The full presentation can be accessed here as a PDF file: Fruit Crops for MS Farmers Markets
On May 13 and 14, 2014, the Mississippi Strawberry Short Course took place in Choctaw, MS — just outside of Philadelphia. A group of 30 attendees had the exciting opportunity to listen to one of the leading strawberry experts in the country, Dr. Barclay Poling (see image below).
Dr. Poling teaching at the MS Strawberry Short Course
A wide variety of topics regarding commercial strawberry production were covered by MSU specialists, current growers, USDA-ARS, and MDAC. I covered site and cultivar selection for strawberries in Mississippi. You can download a PDF of that presentation below:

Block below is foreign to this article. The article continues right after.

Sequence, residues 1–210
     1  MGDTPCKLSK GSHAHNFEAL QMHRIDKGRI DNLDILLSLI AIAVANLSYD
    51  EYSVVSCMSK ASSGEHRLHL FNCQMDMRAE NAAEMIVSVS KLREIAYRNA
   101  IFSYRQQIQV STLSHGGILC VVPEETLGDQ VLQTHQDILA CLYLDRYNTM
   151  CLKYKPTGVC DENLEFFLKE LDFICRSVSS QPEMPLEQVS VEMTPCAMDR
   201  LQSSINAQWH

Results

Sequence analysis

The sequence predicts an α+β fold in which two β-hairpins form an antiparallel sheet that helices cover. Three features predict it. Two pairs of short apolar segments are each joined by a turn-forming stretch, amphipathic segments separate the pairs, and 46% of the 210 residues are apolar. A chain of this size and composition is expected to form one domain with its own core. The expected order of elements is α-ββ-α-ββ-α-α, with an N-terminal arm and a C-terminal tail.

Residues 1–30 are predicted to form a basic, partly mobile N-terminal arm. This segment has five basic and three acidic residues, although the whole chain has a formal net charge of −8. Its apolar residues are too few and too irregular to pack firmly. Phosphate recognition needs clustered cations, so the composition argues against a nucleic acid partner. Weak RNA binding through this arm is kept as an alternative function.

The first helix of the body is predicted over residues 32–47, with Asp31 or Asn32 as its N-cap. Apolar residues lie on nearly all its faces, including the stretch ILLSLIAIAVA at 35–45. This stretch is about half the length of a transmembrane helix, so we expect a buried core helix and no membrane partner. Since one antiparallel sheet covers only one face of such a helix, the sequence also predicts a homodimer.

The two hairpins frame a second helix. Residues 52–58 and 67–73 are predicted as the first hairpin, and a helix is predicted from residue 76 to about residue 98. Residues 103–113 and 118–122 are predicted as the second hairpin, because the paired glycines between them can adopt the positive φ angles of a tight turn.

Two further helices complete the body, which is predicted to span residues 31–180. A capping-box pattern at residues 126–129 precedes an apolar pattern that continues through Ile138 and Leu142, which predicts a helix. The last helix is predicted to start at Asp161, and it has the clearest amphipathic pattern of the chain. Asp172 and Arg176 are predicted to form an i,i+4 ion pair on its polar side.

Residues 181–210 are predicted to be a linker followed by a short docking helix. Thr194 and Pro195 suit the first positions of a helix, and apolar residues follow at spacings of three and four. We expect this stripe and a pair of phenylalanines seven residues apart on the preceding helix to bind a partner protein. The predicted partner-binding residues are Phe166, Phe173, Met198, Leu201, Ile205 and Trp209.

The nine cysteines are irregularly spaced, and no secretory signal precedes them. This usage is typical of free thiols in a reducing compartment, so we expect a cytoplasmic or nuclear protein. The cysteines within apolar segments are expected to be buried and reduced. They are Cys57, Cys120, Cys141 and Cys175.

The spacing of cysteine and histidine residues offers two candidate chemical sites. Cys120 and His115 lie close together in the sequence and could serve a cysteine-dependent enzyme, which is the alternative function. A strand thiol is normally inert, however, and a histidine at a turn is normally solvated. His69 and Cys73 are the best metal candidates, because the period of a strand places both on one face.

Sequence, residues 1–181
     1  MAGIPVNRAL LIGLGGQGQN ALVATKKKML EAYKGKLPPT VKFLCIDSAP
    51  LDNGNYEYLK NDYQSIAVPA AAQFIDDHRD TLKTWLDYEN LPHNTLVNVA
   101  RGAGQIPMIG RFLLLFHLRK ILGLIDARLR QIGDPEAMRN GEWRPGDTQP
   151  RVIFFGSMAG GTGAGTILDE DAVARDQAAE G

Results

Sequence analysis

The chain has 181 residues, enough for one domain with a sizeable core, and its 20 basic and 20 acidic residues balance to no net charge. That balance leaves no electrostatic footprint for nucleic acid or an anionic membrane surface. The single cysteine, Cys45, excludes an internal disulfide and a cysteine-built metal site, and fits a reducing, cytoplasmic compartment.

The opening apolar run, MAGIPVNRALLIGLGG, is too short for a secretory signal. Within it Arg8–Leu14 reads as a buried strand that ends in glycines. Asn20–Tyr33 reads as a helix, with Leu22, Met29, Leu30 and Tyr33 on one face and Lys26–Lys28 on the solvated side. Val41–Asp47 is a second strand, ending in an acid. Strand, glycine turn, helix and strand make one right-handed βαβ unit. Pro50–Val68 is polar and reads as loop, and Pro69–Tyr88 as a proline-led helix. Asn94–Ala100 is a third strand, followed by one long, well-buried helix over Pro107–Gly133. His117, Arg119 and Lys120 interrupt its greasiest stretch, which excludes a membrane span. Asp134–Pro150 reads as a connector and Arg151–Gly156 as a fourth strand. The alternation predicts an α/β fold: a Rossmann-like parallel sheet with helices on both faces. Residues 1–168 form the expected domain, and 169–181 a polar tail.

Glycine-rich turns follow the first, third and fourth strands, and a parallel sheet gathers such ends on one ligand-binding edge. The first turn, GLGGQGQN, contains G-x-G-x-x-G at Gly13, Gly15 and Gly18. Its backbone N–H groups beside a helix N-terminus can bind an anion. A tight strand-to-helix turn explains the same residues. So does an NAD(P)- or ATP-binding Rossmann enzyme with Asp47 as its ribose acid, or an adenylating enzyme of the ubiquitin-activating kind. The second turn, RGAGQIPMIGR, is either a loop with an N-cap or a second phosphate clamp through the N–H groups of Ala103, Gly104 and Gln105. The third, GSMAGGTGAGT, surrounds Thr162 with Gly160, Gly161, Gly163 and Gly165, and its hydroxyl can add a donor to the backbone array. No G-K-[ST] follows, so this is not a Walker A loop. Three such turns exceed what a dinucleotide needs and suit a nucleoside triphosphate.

Strawberry Site and Cultivar Selection
We also went out into a small, experimental planting on Choctaw Nation land. It was a great opportunity to see different strawberry cultivars growing under field conditions.
Attendees looking over the strawberry planting
It was just a little bit early for ripe strawberries at this location (weather plus deer damage), but a few were starting to change color.
A ripening strawberry
You can find more information on this short course at the link below:
Eventually this link will contain all of the presentations given at the course in PDF format.
All in all it was a very educational event that was made possible by quite a few organizations, primarily the WalMart Foundation (for providing the grant) and MSU (for planning and helping to teach the course).